What’s Next for Food Retailers
Online and in stores, retailers are implementing a number of tactics to deter fraud. While most don’t conduct international transactions or sell large denomination cards, some do, and there are special considerations in play when that’s the case. Large denominations are flagged by fraud-monitoring systems, as are small denominations that continually and consecutively appear on gift card resale sites like CardCash.com and Raise.com, according to Fischer.
However, there are exceptions. Northgate Gonzalez Market sells many proprietary gift cards to corporations and charities, and orders can exceed $1,000. Purchasers must provide tax ID numbers, and cards are not sold through other retailers. “We keep logs and monitor the back end, tracking purchasers and pulling reports,” says Patty Rodriguez, an enterprise risk manager at Northgate.
In stores, third-party gift card sales cannot exceed $1,000, cards being purchased must be swiped, and cashiers can’t manually enter numbers. This deters number theft from unredeemed cards, and the retailer’s front end closing checklist includes nightly gift card audits. Most gift card numbers are hidden at the point of purchase by secure packaging and scratch-off codes. It’s hard to access cards without destroying the packaging, and some scratch-off materials have printing on them, which adds a layer of protection.
Other deterrence measures in place at Northgate include placing displays in locations where they can be monitored. Employees are also trained to question consumers purchasing cards in large amounts and not to sell cards with exposed PIN numbers or damaged packaging.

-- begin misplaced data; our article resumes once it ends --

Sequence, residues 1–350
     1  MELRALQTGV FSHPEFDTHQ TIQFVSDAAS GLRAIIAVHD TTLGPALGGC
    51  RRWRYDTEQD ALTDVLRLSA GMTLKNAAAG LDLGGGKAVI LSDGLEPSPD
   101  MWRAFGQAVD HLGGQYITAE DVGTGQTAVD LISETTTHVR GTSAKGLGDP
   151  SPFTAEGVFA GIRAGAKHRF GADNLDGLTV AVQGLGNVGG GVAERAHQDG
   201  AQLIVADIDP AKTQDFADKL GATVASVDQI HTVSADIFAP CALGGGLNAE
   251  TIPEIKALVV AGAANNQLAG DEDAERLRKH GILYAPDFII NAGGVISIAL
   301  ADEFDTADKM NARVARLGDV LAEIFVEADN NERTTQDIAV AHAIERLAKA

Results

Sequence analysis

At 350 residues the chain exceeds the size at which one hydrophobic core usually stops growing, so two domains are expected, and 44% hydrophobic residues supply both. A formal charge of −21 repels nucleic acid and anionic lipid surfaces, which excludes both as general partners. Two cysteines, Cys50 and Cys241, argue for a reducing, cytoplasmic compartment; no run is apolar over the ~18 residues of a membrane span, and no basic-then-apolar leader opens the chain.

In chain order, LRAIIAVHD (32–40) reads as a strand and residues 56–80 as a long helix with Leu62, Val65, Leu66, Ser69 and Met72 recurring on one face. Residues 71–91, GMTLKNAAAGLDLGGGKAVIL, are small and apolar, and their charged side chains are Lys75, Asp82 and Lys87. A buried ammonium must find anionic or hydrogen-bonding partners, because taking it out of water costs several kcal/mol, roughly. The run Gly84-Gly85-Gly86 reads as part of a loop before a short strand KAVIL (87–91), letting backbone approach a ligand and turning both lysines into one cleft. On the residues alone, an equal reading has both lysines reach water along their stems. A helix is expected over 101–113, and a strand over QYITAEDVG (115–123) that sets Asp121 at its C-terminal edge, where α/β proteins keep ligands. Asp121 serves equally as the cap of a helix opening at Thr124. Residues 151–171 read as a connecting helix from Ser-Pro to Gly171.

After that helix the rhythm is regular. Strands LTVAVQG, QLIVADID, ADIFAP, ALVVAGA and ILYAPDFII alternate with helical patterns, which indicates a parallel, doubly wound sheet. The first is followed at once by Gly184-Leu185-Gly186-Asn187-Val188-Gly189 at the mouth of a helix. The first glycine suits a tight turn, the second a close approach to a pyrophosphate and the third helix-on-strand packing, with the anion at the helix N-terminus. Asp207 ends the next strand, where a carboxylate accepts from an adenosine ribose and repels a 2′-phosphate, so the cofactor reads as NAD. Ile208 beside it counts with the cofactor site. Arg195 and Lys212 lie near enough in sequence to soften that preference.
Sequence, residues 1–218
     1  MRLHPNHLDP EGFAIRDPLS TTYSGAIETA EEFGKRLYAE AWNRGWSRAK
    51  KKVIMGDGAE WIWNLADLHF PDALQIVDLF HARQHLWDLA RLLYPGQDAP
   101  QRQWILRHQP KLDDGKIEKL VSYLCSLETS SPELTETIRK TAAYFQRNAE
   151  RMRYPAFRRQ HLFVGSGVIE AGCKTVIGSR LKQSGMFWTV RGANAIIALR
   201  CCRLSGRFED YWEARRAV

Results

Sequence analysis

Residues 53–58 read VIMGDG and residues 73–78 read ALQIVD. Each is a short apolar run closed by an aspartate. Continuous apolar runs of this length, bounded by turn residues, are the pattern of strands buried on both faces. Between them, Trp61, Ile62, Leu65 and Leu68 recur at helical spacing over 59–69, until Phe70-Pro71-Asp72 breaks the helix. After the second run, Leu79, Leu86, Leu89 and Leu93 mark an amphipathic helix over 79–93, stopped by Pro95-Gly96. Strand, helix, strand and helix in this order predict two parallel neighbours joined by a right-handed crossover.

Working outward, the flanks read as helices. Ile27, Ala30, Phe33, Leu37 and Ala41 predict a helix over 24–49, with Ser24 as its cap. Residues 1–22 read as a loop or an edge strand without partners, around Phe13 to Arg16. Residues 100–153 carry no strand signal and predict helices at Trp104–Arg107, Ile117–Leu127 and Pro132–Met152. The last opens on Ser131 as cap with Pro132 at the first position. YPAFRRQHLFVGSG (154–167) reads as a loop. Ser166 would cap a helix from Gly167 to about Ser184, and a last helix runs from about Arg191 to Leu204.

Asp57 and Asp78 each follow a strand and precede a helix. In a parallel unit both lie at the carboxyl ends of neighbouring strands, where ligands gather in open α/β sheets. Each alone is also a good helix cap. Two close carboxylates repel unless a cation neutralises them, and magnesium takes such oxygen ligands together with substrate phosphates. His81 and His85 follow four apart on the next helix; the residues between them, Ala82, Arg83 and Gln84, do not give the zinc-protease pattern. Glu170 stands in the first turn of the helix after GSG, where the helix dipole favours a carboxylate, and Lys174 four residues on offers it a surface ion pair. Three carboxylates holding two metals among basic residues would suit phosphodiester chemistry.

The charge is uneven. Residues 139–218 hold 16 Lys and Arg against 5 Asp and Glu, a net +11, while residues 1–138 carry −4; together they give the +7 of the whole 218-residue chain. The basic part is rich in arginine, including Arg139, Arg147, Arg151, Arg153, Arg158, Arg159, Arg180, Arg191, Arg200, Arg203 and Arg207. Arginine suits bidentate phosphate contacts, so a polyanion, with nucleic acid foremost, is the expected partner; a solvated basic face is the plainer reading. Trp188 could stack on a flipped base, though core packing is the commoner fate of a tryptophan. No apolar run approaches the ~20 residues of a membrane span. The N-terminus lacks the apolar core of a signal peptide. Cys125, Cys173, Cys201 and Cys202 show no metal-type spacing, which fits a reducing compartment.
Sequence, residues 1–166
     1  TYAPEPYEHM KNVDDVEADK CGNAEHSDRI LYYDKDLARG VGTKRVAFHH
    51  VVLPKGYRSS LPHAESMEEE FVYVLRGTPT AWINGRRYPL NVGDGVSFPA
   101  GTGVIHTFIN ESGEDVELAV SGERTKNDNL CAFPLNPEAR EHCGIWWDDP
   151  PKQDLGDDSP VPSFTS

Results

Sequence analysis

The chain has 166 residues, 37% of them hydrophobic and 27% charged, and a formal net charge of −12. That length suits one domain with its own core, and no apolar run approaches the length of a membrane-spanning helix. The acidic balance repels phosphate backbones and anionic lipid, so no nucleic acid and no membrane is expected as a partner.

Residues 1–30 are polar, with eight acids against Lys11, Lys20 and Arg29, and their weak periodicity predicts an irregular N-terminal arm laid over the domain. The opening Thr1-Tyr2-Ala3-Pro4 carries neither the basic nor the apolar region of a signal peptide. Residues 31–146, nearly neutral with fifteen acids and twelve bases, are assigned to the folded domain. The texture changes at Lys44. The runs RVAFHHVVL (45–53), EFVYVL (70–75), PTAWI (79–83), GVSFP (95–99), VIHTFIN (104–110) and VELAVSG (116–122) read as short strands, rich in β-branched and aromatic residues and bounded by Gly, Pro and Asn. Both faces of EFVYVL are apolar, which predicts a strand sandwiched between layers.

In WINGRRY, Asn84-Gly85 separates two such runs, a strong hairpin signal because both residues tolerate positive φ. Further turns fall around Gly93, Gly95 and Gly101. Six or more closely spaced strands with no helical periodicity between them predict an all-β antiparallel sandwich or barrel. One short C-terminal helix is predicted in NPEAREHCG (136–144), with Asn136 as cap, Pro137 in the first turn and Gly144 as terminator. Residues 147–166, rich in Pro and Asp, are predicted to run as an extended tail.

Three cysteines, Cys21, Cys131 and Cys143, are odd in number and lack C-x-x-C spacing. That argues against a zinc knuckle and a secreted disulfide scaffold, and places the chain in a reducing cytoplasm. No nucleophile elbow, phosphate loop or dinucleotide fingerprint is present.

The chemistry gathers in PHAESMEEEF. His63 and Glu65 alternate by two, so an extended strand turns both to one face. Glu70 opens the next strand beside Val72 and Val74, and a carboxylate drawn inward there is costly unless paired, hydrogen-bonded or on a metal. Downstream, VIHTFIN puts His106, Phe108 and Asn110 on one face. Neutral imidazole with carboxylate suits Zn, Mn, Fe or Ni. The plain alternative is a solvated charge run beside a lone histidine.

On the law enforcement side, government agencies are investigating fraud and educating consumers and retailers. In 2018, the FTC launched a “Data Spotlight” report, which analyzes information on gift card scams. That year, for example, it found that iTunes and Google gift cards were involved in the most scams, notes Lois Greisman, associate director, division of marketing practices at the FTC.
The FBI is breaking up crime rings, identifying best practices and furthering educational efforts. “They share intelligence confidentially,” says Schultz. “If there’s a ring hitting area retailers, they inform other retailers. They look for ‘hot spots’ so people can take protective actions and educate store employees.”
An Eye Toward the Future
More than 20 years ago, Blockbuster and Starbucks were the first retailers to aggressively promote modern gift cards. But it was only a decade ago that PIN codes were added and later covered. These moves were followed by multiple technologies and enhancements, including fraud protection. But efforts are still not standardized, centralized or comprehensive.
“It’s not just a fraud issue, it’s an enablement issue,” points out Schultz. “We need many controls. When we detect a problem, we need a way to react. It won’t happen in one step. And penalties for crimes are still small enough that people keep trying.”